"It's only constant was an unearthly hiss that crested and ebbed in time with the patient's blood flow. It sounded like waves of static crashing on a distant beachhead. Within those waves, or outside them, were other noises: pings and crackles and purrs, liquid gurgles, a sound like the pitter-patter of feet dancing on a rain-rinsed tin roof. The professor told us they were made by magnetic waves bending around the rim of the patients brain. But he couldn't tell us if we were hearing the patient's thoughts themselves, or perhaps the sound of the tumour creeping through her mind."
When Uncle C's impromptu séance fails to conjure any consolation for Billy, he suggests a trip to the funeral home instead, and so the Saturday Night Ghost Club is founded. Over the summer, Uncle C becomes something of a tour guide for the underground tragedies and hauntings of Cataract City. Here, too, Davidson is in King Country, Jake's coming-of-age summer with The Saturday Night Ghost Club bringing to mind the misfit groups of "The Body" or It's The Losers' Club.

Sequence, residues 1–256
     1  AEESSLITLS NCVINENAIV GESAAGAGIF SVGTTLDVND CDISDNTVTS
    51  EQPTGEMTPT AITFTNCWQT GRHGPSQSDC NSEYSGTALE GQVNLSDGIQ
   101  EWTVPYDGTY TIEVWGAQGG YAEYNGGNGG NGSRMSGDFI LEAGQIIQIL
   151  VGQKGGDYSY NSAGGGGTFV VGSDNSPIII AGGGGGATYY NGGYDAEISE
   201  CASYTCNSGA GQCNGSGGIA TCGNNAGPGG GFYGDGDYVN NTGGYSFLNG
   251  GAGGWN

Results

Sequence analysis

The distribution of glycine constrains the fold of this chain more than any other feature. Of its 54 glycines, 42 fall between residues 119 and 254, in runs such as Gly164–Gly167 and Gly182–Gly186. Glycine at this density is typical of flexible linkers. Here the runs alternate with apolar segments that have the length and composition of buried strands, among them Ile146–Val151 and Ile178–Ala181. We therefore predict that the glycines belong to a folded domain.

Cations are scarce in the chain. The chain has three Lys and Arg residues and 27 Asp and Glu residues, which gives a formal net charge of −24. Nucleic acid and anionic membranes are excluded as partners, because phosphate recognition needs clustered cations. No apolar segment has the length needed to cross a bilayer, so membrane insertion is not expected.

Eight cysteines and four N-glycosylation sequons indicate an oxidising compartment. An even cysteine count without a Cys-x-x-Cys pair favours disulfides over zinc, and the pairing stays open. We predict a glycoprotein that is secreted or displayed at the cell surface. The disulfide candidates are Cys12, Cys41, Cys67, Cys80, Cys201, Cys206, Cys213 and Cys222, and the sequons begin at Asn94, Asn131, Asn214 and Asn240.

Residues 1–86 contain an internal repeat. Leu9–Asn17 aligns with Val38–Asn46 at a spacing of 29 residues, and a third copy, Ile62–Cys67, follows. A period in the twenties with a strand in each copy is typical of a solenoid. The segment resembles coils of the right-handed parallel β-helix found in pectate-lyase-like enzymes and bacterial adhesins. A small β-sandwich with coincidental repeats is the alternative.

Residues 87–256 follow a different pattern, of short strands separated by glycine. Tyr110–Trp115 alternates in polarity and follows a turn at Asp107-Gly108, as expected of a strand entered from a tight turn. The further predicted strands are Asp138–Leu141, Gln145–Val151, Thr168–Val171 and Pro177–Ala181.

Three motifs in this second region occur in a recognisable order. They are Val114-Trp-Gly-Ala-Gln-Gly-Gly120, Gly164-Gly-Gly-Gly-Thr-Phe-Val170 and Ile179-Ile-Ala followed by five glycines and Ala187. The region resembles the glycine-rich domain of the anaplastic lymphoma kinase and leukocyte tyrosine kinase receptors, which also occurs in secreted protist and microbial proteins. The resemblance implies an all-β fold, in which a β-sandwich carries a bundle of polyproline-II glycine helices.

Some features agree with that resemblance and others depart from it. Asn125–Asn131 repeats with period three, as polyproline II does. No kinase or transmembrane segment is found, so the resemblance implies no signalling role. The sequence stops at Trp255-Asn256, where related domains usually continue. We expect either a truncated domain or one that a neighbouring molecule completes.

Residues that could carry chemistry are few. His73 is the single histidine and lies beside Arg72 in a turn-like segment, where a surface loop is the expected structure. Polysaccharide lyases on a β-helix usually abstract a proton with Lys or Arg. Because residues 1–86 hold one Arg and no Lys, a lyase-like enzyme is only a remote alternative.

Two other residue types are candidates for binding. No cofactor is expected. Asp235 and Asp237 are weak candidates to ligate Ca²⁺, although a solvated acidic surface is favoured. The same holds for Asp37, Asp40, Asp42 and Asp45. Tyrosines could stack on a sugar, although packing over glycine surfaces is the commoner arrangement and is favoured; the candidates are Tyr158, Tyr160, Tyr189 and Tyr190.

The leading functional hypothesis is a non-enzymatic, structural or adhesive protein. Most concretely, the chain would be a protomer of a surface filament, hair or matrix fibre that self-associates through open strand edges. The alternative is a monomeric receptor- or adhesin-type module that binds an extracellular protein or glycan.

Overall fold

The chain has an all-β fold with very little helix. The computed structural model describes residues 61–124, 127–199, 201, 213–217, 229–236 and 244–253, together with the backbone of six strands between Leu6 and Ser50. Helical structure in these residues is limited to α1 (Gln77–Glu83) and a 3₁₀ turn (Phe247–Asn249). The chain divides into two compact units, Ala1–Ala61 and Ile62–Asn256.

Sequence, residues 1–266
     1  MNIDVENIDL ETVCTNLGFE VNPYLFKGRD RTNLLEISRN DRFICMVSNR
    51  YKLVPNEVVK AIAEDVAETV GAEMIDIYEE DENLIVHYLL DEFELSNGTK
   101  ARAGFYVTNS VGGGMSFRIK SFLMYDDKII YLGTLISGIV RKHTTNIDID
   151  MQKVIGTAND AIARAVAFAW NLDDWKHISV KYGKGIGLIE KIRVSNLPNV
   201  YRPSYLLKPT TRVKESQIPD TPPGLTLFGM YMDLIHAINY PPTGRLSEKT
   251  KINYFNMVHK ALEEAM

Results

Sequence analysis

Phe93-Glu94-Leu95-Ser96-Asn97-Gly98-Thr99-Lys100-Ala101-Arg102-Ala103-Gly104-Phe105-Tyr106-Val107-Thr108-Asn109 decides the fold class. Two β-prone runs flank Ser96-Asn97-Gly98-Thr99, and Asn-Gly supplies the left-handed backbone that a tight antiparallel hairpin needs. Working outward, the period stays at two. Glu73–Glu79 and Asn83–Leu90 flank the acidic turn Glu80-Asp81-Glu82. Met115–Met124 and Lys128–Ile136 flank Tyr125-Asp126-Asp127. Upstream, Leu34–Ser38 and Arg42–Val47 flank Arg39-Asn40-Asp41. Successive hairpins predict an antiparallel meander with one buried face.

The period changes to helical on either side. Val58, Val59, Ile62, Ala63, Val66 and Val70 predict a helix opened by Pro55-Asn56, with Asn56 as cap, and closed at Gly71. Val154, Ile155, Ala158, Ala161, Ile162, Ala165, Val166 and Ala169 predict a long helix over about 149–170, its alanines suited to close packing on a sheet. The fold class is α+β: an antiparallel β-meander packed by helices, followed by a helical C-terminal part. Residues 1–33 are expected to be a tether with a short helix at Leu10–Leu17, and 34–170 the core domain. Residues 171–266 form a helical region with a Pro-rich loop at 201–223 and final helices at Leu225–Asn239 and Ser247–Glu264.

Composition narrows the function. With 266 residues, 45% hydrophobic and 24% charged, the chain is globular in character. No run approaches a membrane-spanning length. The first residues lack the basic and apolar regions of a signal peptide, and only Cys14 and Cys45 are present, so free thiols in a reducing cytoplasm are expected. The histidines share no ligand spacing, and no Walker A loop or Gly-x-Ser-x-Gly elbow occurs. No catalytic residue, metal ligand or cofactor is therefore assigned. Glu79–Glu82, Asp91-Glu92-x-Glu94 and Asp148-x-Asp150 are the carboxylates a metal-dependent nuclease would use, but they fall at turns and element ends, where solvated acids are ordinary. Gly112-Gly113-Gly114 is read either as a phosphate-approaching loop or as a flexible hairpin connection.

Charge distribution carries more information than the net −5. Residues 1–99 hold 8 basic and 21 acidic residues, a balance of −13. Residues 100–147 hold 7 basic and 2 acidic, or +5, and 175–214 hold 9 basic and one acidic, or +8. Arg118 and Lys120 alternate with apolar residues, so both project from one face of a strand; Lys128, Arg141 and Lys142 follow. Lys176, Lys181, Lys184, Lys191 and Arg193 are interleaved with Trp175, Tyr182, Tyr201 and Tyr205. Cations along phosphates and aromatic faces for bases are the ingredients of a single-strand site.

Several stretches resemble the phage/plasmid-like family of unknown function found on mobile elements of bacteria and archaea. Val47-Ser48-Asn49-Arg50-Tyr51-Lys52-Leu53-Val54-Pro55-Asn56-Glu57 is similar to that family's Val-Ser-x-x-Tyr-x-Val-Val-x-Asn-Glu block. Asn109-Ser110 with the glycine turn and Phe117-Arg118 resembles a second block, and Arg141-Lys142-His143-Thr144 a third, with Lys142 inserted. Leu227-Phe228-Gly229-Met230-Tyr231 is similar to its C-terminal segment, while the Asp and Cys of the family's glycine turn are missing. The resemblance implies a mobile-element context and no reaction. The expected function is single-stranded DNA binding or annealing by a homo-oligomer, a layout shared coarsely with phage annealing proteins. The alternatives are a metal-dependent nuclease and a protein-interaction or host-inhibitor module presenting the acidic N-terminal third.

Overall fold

Craig Davidson may currently be best known for his Canada Reads-selected memoir, Precious Cargo, which recalls Davidson's time spent driving a special-needs bus. Before that, he gained visibility when a Giller nomination for his novel Cataract City. All the while, Davidson's dark half, Nick Cutter, has been producing some of the most brutal, visceral horror you've ever read, drawing praise from the likes of the master of both capital and lowercase evil, Mr King. With The Saturday Night Ghost Club, Davidson achieves a thoughtful, engaging peace with his breadth of interests and strengths.
As Uncle C shows both Jake and Billy, horror can be a sort of salve--"comfort food," in Schneller's estimation, or easy evil. The reason King was and continues to be so popular amongst adolescents is that the horror of everyday life is beginning to be palpable at that age while still being indescribable. These are stories that help their readers--in Jake's words--"get by" while they inch closer to an unfiltered relationship with life's hardships.
But The Saturday Night Ghost Club is not just concerned with getting by, and neither is Jake. Through his reflective narrator, Davidson takes an interest in the wound more than he does the salve. The story that Jake tells himself about his own coming of age, in the true tradition of Stephen King, is a process of understanding the injury by way of the bandage.